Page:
When a young boy's beloved plum tree falls in a storm, he feels like he's lost both a friend and a connection to his old home.
A young boy, recently arrived from Korea, finds a glorious plum tree in his new backyard. It reminds him of a tree his family had back home, and he names it Plumee for the deep purple plums on its branches. Whenever the boy is homesick, he knows he can take shelter in Plumee's tall branches. And when a storm brings the old tree down, he and his friends have all kinds of adventures on its branches, as it becomes a dragon, a treehouse, and a ship in their imaginations. But soon it's time to say goodbye when the remains of the tree are taken away. Before long, a new plum tree is planted, new blossoms bloom, and a new friendship takes root.
A South Korean immigrant herself, Hope Lim brings her perspective on the struggle for child immigrants to feel at home to bear through spare, poetic text, perfectly matched by soft, lyrical illustrations by Korean artist Il Sung Na.
A Junior Library Guild Gold Standard Selection
Lim and Na’s collaboration has captured the essence of quiet immigrant resilience. Transcending time and place, this gentle book will take root in many hearts. (Picture book. 4-8).
Copyright 2021 Kirkus Reviews, LLC Used with permission.
It's not a person or an animal who comforts Lim's (I Am a Bird) child narrator, who has newly arrived in the United States from Korea. It's a tree outside the new home's back door--one with a graceful trunk and strong branches that are full of plums--that "reminded me of the persimmon tree that shaded our porch in Korea." Named Plumee by the child, the tree offers something in every season: blossoms, shade, fruit, and beauty. And then a storm fells it. "An old tree knows how to lie down when it's time," the child's grandmother back in Korea says, a phrase that helps the child confront loss and gain comfort. Na (That's My Carrot) gives this quiet story heft and drama with bold, crisped-edged forms; saturated hues; and feathery details. The spreads flow into each other, carrying much of the story's emotional weight. Lim, meanwhile, crafts this story with a tree-scale sense of time, paying homage to an arboreal marker of the past and offering hope that stretches out into the future. Ages 4-8. Author's agent: Tanusri Prasanna, Foundry Literary + Media. Illustrator's agent: Lori Nowicki, Painted Words. (May)Copyright 2021 Publishers Weekly, LLC Used with permission.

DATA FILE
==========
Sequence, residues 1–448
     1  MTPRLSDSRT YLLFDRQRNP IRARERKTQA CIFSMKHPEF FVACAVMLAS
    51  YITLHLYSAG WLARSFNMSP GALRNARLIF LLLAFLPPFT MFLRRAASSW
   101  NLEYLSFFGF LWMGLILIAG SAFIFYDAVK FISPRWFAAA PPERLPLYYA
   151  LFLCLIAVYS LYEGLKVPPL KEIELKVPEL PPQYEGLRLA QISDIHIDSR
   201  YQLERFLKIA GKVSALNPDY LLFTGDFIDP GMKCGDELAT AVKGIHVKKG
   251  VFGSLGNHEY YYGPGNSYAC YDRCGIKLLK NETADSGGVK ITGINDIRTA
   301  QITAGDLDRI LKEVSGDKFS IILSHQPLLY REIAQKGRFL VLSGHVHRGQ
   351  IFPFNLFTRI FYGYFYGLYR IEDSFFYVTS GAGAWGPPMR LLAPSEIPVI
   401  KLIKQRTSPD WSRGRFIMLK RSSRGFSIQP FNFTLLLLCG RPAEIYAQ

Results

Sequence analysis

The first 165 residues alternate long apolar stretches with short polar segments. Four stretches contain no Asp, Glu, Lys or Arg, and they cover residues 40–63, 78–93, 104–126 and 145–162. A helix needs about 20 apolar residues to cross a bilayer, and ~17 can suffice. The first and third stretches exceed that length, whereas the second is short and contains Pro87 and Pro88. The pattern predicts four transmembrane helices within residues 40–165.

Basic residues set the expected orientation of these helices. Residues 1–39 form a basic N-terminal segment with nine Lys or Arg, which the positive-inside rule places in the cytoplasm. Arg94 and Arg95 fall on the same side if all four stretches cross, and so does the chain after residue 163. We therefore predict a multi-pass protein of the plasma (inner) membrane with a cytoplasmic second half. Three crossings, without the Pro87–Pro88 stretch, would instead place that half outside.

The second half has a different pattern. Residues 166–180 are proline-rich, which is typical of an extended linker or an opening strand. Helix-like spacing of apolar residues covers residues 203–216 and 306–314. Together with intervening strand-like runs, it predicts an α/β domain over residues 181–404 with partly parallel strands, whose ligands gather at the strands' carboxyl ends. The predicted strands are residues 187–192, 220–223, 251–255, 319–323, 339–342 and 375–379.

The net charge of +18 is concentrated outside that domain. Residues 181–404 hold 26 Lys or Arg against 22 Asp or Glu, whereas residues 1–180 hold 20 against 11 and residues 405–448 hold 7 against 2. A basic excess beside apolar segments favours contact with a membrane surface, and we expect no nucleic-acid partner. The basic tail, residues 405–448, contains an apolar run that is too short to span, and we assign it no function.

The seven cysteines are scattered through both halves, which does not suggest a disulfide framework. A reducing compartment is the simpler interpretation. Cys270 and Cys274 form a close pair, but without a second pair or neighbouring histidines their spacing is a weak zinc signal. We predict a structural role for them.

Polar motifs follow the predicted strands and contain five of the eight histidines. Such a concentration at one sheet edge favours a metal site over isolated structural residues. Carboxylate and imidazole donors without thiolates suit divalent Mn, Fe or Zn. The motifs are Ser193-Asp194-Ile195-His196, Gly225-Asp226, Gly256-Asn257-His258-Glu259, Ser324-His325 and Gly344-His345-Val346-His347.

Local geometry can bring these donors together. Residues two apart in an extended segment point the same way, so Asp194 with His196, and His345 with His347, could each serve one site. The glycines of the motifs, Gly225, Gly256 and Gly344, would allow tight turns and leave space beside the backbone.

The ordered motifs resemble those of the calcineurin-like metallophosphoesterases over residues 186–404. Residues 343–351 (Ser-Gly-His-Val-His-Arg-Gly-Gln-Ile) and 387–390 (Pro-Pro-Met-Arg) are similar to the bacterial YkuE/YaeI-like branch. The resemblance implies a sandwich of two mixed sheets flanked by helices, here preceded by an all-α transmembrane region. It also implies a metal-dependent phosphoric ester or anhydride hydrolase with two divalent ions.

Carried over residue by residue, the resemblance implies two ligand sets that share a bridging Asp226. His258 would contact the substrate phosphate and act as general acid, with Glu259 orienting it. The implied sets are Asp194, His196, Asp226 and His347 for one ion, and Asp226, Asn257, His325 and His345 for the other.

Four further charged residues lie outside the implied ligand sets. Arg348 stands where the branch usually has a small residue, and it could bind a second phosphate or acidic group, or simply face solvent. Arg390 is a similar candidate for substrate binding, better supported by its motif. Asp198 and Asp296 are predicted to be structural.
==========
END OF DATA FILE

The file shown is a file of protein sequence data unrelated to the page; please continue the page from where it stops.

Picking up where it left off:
K-Gr 2--A young South Korean boy, new to America, moves with his parents and dog into a house with a "tall, crooked, quiet" plum tree in the backyard. He names it Plumee, waters it, and grows to love the tree as it is a great place to hide and it offers shade, blossoms, soothing noise in the wind, and delicious purple plums. Through four seasons, Plumee helps stave off the child's homesickness as it reminds him of a tree he knew in his homeland. One night a terrible storm knocks over many trees in the city and Plumee is one of them. The child is sad to lose his close companion but he and the neighborhood kids use their imaginations to turn the fallen tree into a ship, an island, and a rocket until it has to be cut up and removed from the yard. His understanding parents soon plant a young plum tree in the same spot and the child quietly introduces himself to the new occupant. Colorful digital illustrations are filled with small details and reveal the massive tree and the child's love for it. VERDICT This tale of a boy's devotion and regard for the natural world is quietly endearing, and the young protagonist will be a comfort to others who have said goodbye to home.--Maryann H. Owen, Oak Creek P.L., WICopyright 2021 School Library Journal, LLC Used with permission.